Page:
Aussie actress Frances O'Connor may have made her film debut in the ultra low-budget Love and Other Catastrophes, but these days, the mow London-based actor is riding high on the Hollywood merry-go-round. Her latest film is Stephen Spielberg's highly anticipated "A.I. Artificial Intelligence", in which she gives a beautiful performance as a young mother who turns to a human-like robot for love, while her real son remains 'frozen'. The film was shrouded in secret --- until now. She talked to Paul Fischer in Los Angeles.
Frances O'Connor arrives in Los Angeles in between shooting The Importance of Being Earnest, in order to promote a film once shrouded in extraordinary secrecy. Spielberg's A.I., based on the late director Stanley Kubrick's vision, remains one of the most anticipated and talked about films of the hot US Summer season. But if the actress is feeling the heat, you wouldn't know it. Calm and relaxed, O'Connor had moments of intimidation working on the highly publicised project "especially with Stephen [Spielberg] behind the camera. I mean every day you'd turn up at work and it really is Stephen Spielberg and that's kind of weird". However, she adds, "once you get used to it and you're acting, it's such a great, creative project to work on that you forget that feeling".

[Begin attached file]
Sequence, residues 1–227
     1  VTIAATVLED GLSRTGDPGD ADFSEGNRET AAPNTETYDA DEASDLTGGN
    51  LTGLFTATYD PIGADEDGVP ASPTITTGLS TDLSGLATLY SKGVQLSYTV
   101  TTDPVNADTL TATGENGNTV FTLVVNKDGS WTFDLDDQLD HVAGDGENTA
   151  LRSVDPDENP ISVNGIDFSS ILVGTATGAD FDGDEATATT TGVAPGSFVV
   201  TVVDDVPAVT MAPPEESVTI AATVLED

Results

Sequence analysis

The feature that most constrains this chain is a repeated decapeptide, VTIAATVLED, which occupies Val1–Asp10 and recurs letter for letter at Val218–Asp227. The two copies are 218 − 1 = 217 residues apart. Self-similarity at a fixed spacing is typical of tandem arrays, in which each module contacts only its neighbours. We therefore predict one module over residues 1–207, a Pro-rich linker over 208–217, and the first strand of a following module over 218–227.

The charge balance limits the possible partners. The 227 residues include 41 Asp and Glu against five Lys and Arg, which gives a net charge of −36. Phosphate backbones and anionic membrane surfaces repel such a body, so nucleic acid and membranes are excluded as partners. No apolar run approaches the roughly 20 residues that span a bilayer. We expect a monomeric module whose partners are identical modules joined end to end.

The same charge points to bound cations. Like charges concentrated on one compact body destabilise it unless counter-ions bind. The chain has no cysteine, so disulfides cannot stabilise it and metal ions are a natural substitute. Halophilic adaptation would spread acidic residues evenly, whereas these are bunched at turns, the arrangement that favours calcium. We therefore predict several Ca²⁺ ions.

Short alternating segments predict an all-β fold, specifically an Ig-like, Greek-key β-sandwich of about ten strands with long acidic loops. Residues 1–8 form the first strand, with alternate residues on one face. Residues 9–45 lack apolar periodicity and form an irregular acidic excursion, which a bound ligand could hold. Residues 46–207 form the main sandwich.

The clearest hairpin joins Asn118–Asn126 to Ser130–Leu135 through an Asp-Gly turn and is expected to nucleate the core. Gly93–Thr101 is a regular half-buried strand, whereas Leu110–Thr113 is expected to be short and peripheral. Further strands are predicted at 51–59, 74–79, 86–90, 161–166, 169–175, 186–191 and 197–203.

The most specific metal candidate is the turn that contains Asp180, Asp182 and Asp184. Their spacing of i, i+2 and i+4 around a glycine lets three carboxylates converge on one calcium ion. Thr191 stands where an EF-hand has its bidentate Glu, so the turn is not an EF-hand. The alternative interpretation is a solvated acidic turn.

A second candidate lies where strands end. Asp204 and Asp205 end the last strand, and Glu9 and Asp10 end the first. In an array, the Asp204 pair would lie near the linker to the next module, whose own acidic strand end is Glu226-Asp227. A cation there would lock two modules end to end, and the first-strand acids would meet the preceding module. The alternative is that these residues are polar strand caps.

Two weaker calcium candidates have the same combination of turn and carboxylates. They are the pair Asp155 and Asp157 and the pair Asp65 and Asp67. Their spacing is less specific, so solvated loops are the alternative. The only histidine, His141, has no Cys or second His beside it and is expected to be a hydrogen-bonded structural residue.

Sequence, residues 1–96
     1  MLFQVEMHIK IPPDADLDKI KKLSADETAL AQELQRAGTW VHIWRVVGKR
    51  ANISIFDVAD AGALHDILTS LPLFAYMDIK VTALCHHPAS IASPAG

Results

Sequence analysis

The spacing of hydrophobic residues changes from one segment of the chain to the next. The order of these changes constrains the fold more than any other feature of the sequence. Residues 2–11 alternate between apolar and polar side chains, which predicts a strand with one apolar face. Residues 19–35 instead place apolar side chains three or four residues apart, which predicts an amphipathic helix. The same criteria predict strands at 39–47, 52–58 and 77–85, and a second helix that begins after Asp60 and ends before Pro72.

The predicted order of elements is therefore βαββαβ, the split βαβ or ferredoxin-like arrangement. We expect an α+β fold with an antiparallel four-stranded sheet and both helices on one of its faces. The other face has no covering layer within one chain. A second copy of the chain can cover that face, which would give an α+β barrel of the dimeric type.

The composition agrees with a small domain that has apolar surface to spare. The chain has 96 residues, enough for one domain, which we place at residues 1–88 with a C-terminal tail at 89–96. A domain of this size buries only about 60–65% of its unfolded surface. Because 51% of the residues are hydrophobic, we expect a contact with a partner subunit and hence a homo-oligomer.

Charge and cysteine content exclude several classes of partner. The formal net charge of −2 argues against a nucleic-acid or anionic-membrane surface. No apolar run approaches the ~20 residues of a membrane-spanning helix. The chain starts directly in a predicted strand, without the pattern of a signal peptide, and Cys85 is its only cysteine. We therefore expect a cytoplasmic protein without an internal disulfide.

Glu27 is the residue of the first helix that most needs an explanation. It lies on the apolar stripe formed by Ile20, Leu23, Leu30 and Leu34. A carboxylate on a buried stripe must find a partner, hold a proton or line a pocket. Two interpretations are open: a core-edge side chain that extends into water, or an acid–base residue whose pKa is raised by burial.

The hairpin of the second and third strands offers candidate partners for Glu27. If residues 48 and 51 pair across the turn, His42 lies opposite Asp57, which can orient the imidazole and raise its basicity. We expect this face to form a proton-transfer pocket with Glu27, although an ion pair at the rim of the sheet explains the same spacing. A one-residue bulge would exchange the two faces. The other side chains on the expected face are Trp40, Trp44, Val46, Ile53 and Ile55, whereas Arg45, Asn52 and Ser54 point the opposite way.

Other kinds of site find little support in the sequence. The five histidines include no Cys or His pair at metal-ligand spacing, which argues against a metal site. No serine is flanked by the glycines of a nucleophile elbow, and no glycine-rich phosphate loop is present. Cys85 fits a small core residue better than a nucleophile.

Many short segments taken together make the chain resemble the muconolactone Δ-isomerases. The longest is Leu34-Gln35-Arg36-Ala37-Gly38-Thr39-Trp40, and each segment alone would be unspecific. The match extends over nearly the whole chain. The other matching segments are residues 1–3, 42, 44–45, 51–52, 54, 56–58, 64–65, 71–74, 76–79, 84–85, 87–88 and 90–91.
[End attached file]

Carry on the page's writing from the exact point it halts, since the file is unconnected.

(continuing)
While A.I. was directed by Spielberg, the film was made as it were a Kubrick venture, shot under intense secrecy to such a degree, that most of the cast, O'Connor included, was denied access to a script during production. "I read the whole story once, while I was at Amblin, but I wasn't allowed to take it away with me, then a month before we started shooting, I got my part of the script to work on. But while we were filming it was kinda hard to get to, and I had to ask for it all the time". O'Connor said the on-set secrecy was part of Spielberg's homage to Stanley Kubrick, the late director on whose story the film is based. Kubrick was notoriously press-shy and usually kept a tight rein on his film productions.
"Because Kubrick died so recently, I think [Spielberg] felt a great kind of responsibility himself to doing the whole process in the way Kubrick would have done it," O'Connor said. "It was kind of surreal, because no one I knew had read it, so they didn't really know what I was doing, so they couldn't really offer me an opinion on it. So it was kind of like being a bit blind during the whole process and not talking about it up until now." Still, she said, "It kind of concentrates the energy, because you feel like you're doing something secretive." But given the film's history, O'Connor understood WHY the film needed to be so secretive. "Because Kubrick had died so recently, I think Spielberg felt a great responsibility to do the whole process in the way Kubrick would have done it".